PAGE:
Weak collision resistance (CR), or second-preimage resistance, is the property that given $x$ and $h(x)$ ($h$ a hash function) it's difficult to find $x' \neq x$ such that $h(x') = h(x)$. Strong CR, or just collision resistance, is the property that it's difficult to find any two $x,x'$ with the same hash value.
The latter is easier than the former; the former is the "hash function analogue" of "same birthday as me" and the latter the analogue of "any two persons sharing a birthday".
Now then, what would a collision attack look like? I don't understand when it would be of relevance that it's relatively easy to find a pair $x,x'$ with the same hash value; isn't an adversary typically confronted with a given hash value that he has to "work with"? I.e., $x$ and $h(x)$ are given, if he can find a collision pair $(y,y')$, well, what does that help him?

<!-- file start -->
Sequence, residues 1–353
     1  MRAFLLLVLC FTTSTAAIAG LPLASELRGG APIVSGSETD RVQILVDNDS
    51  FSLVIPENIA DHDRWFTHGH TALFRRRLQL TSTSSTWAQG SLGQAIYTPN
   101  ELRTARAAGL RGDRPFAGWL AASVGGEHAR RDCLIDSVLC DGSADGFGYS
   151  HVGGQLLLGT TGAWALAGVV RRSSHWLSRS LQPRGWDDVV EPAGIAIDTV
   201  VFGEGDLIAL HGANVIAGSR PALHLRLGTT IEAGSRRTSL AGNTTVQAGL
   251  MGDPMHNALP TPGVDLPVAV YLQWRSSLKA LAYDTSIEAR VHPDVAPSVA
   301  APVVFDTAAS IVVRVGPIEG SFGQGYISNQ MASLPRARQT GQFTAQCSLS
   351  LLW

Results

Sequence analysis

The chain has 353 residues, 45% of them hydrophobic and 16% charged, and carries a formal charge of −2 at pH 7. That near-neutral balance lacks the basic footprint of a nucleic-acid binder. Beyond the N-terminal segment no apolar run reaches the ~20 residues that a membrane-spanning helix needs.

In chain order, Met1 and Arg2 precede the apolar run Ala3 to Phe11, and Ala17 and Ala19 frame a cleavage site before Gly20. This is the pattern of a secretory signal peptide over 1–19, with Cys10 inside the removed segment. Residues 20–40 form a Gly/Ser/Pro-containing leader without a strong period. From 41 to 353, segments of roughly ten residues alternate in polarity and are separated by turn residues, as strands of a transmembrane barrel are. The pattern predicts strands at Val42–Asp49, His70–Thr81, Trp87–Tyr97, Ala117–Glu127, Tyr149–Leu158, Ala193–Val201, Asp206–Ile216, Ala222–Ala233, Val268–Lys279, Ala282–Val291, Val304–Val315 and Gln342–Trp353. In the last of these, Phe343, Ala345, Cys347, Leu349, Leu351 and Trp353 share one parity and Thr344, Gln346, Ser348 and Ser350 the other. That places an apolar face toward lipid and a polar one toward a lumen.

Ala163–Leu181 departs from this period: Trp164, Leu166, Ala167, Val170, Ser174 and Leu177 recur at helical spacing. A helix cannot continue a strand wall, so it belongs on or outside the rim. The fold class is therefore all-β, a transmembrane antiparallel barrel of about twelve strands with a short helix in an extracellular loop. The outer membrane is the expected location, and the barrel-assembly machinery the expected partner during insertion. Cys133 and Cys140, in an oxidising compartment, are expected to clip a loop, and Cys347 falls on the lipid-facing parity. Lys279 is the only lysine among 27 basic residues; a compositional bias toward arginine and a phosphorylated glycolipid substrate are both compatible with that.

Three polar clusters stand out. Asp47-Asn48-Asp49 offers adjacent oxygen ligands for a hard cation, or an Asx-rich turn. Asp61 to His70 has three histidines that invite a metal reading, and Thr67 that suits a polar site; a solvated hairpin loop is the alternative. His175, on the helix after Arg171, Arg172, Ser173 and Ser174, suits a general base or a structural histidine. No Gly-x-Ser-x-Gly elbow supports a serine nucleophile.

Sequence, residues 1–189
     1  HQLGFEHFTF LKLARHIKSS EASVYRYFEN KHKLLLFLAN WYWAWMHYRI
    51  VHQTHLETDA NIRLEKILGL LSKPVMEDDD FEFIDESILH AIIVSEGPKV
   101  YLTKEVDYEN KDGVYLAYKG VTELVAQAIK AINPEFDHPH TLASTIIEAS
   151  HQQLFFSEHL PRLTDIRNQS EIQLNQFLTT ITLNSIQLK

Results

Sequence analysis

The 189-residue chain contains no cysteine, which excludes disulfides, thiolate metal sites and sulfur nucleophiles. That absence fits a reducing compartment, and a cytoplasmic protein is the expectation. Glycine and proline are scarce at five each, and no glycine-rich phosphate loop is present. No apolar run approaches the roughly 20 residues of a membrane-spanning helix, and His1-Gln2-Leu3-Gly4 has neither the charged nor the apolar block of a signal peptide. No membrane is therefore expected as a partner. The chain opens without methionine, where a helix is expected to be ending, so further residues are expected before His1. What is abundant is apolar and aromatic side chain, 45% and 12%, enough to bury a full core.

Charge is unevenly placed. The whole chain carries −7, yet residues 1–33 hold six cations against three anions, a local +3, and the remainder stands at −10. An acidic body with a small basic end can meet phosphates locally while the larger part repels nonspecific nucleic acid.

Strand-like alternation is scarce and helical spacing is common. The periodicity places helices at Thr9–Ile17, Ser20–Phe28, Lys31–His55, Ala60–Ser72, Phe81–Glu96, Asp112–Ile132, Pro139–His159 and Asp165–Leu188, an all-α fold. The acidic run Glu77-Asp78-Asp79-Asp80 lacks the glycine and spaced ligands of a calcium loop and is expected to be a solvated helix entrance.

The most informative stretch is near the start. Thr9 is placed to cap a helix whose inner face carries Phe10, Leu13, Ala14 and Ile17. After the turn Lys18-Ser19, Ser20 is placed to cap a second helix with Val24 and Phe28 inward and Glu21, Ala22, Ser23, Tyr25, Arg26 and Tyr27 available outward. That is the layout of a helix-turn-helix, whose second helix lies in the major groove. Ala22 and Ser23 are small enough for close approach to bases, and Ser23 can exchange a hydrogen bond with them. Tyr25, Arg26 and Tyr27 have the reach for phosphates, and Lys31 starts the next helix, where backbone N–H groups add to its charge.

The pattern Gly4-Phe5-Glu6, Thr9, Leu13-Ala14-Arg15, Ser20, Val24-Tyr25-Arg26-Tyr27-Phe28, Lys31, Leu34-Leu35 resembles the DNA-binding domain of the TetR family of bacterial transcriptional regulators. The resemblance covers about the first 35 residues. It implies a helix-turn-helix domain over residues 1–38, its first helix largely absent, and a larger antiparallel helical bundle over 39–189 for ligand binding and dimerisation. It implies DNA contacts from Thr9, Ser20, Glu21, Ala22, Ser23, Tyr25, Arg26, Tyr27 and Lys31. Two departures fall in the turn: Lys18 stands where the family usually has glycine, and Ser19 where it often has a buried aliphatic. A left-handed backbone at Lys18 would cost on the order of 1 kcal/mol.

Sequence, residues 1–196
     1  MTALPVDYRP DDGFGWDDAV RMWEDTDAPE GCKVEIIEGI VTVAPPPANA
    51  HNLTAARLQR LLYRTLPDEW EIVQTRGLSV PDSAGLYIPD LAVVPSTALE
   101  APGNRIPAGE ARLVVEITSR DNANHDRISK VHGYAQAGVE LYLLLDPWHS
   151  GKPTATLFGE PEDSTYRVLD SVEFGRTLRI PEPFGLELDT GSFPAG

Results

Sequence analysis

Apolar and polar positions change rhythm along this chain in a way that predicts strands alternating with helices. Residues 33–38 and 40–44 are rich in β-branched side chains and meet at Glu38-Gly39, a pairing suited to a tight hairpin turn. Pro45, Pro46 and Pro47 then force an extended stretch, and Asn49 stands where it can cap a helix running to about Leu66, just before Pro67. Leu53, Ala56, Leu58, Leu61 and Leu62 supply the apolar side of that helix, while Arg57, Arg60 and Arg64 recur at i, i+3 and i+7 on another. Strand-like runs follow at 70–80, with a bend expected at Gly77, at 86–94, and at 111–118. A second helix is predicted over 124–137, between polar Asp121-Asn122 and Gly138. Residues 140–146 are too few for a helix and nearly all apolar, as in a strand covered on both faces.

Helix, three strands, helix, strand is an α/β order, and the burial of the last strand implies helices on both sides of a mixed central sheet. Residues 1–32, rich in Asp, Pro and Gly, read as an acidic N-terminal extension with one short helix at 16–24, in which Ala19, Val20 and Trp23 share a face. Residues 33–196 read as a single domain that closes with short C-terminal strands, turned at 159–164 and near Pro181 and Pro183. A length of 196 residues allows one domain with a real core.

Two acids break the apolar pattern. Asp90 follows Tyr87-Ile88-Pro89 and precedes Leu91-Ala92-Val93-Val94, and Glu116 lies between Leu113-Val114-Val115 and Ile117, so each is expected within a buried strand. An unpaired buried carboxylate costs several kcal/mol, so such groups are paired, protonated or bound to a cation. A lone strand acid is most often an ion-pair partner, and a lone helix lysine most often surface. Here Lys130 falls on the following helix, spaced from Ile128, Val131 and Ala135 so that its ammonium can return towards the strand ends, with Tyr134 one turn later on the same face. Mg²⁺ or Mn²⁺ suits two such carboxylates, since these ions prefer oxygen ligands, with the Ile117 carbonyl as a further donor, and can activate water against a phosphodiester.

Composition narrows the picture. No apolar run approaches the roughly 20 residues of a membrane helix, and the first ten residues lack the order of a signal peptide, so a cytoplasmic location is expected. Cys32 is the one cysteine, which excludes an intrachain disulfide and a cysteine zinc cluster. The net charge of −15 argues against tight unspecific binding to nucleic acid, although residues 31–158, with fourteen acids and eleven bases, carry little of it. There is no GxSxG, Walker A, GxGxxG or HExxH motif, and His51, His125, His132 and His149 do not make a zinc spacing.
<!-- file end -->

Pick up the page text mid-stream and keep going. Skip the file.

Also, how does one actually find "any two" inputs with the same hash value? Seems to me that you must always first choose one input $x$, and then compare against that, at which point we're back to finding second preimages, right?